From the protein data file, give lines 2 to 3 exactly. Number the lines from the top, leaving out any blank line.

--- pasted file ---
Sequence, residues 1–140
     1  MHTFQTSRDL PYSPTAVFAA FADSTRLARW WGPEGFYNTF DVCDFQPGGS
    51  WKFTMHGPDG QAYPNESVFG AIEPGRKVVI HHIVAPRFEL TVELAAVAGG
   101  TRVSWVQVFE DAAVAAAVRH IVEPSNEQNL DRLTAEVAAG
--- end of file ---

     1  MHTFQTSRDL PYSPTAVFAA FADSTRLARW WGPEGFYNTF DVCDFQPGGS
    51  WKFTMHGPDG QAYPNESVFG AIEPGRKVVI HHIVAPRFEL TVELAAVAGG